Competitive Machine Learning: Best Theoretical Prediction vs Optimization

03/09/2018
by   Amin Khajehnejad, et al.
0

Machine learning is often used in competitive scenarios: Participants learn and fit static models, and those models compete in a shared platform. The common assumption is that in order to win a competition one has to have the best predictive model, i.e., the model with the smallest out-sample error. Is that necessarily true? Does the best theoretical predictive model for a target always yield the best reward in a competition? If not, can one take the best model and purposefully change it into a theoretically inferior model which in practice results in a higher competitive edge? How does that modification look like? And finally, if all participants modify their prediction models towards the best practical performance, who benefits the most? players with inferior models, or those with theoretical superiority? The main theme of this paper is to raise these important questions and propose a theoretical model to answer them. We consider a study case where two linear predictive models compete over a shared target. The model with the closest estimate gets the whole reward, which is equal to the absolute value of the target. We characterize the reward function of each model, and using a basic game theoretic approach, demonstrate that the inferior competitor can significantly improve his performance by choosing optimal model coefficients that are different from the best theoretical prediction. This is a preliminary study that emphasizes the fact that in many applications where predictive machine learning is at the service of competition, much can be gained from practical (back-testing) optimization of the model compared to static prediction improvement.

READ FULL TEXT VIEW PDF
POST COMMENT

Comments

There are no comments yet.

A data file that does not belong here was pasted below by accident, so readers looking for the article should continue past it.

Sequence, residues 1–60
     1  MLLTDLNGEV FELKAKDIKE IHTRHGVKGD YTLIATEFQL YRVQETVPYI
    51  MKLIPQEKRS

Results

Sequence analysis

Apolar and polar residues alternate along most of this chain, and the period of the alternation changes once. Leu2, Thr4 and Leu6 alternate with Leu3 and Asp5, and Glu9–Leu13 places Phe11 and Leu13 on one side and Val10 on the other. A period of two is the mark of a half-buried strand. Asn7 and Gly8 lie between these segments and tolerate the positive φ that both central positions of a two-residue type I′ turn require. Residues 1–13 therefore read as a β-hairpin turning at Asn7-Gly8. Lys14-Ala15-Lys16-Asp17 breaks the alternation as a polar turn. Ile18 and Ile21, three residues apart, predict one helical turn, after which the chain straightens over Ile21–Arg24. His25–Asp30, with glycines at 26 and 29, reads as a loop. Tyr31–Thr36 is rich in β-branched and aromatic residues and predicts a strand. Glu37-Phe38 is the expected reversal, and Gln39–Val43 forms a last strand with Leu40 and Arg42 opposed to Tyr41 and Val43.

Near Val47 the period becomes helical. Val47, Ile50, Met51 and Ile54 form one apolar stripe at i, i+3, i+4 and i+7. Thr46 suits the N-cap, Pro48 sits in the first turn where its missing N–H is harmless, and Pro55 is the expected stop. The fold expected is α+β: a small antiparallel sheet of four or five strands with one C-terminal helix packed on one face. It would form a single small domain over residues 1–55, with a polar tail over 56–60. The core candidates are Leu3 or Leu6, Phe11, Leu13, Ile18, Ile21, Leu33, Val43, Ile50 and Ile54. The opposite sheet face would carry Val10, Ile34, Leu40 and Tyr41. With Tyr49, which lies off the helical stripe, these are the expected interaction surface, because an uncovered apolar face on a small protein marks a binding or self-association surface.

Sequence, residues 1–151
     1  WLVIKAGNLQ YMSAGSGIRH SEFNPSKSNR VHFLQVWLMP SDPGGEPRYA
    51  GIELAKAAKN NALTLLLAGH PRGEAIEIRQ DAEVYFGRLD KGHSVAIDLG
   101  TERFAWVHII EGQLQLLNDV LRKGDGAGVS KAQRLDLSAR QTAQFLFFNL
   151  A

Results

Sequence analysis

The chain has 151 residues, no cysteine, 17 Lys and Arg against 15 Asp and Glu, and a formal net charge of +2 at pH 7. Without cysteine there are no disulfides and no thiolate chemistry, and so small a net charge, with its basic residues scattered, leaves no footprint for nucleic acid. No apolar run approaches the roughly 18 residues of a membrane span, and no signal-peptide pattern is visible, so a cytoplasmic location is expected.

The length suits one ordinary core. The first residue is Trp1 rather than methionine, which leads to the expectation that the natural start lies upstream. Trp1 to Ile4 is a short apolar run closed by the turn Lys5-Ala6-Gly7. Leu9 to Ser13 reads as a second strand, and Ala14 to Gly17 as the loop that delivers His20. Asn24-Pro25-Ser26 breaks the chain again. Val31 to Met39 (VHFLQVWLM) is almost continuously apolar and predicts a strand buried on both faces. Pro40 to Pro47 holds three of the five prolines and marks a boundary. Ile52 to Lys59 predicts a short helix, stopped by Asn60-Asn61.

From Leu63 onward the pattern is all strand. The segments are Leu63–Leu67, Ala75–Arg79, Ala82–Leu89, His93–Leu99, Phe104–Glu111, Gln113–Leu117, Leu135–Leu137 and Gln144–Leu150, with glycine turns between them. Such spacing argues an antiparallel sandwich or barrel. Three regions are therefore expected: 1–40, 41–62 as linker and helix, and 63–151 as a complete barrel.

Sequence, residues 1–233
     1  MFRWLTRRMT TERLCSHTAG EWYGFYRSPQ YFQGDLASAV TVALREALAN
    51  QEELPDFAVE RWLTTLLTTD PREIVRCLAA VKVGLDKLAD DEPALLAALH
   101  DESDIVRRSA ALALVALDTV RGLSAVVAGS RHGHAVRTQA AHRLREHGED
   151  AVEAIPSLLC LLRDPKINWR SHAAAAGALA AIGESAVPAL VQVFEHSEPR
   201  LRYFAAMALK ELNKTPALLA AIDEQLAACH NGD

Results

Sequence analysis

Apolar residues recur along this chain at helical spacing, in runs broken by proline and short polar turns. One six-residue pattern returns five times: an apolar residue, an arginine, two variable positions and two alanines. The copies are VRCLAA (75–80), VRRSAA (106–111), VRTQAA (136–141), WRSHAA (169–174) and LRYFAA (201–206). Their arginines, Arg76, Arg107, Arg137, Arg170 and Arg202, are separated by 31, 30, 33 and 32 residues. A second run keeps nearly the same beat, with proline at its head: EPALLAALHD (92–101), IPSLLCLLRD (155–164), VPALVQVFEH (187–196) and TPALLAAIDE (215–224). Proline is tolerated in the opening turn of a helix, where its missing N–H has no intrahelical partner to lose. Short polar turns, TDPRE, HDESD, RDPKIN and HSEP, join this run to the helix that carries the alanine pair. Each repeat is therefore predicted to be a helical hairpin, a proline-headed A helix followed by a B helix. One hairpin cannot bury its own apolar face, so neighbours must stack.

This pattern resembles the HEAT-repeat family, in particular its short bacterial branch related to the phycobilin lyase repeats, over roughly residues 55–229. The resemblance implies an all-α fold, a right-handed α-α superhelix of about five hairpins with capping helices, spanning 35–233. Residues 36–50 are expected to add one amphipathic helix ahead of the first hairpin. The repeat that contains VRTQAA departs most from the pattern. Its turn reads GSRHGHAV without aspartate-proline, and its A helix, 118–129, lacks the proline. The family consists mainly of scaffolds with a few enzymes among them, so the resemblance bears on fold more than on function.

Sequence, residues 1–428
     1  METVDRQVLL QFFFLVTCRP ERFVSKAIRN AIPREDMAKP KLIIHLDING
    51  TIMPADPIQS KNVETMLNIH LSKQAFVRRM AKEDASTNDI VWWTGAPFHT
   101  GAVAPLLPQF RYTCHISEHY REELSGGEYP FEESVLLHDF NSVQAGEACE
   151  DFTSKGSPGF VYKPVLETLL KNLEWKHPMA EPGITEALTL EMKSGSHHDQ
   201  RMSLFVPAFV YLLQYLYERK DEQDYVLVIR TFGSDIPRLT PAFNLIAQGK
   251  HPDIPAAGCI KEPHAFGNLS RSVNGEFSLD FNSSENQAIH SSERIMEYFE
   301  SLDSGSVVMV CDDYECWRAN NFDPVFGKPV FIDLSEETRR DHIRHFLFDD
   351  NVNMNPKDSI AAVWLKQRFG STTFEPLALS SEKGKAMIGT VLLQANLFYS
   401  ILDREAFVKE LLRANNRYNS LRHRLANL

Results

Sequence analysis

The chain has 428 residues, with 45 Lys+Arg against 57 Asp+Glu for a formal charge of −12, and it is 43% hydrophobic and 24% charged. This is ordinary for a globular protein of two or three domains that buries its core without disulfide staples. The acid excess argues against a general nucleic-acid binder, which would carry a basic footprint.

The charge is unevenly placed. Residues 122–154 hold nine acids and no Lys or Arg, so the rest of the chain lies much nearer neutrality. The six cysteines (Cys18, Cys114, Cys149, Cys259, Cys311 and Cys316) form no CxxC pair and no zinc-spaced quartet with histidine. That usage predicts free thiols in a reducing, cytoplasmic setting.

Authors

page 5

page 7

07/08/2015

AutoCompete: A Framework for Machine Learning Competition

In this paper, we propose AutoCompete, a highly automated machine learni...
03/22/2019

An empirical assessment of best-answer prediction models in technical Q&A sites

Technical Q&A sites have become essential for software engineers as they...
07/14/2020

The ASHRAE Great Energy Predictor III competition: Overview and results

In late 2019, ASHRAE hosted the Great Energy Predictor III (GEPIII) mach...
03/12/2019

AutoML @ NeurIPS 2018 challenge: Design and Results

We organized a competition on Autonomous Lifelong Machine Learning with ...
06/25/2021

Limitations of machine learning for building energy prediction

Machine learning for building energy prediction has exploded in populari...
12/06/2018

Automatically Explaining Machine Learning Prediction Results: A Demonstration on Type 2 Diabetes Risk Prediction

Background: Predictive modeling is a key component of solutions to many ...
12/17/2021

Quality of Data in Machine Learning

A common assumption exists according to which machine learning models im...

Code Repositories

This week in AI

Get the week's most popular data science and artificial intelligence research sent straight to your inbox every Saturday.

1 Introduction

Machine learning is often used in competitive scenarios: Participants learn and fit static models, and those models compete in a shared platform. The common assumption is that in order to win a competition one has to have the best learning model, i.e., the model with the smallest out-sample error. Is that necessarily true? The main theme of this paper is to raise this important question and propose a theoretical model to answer it.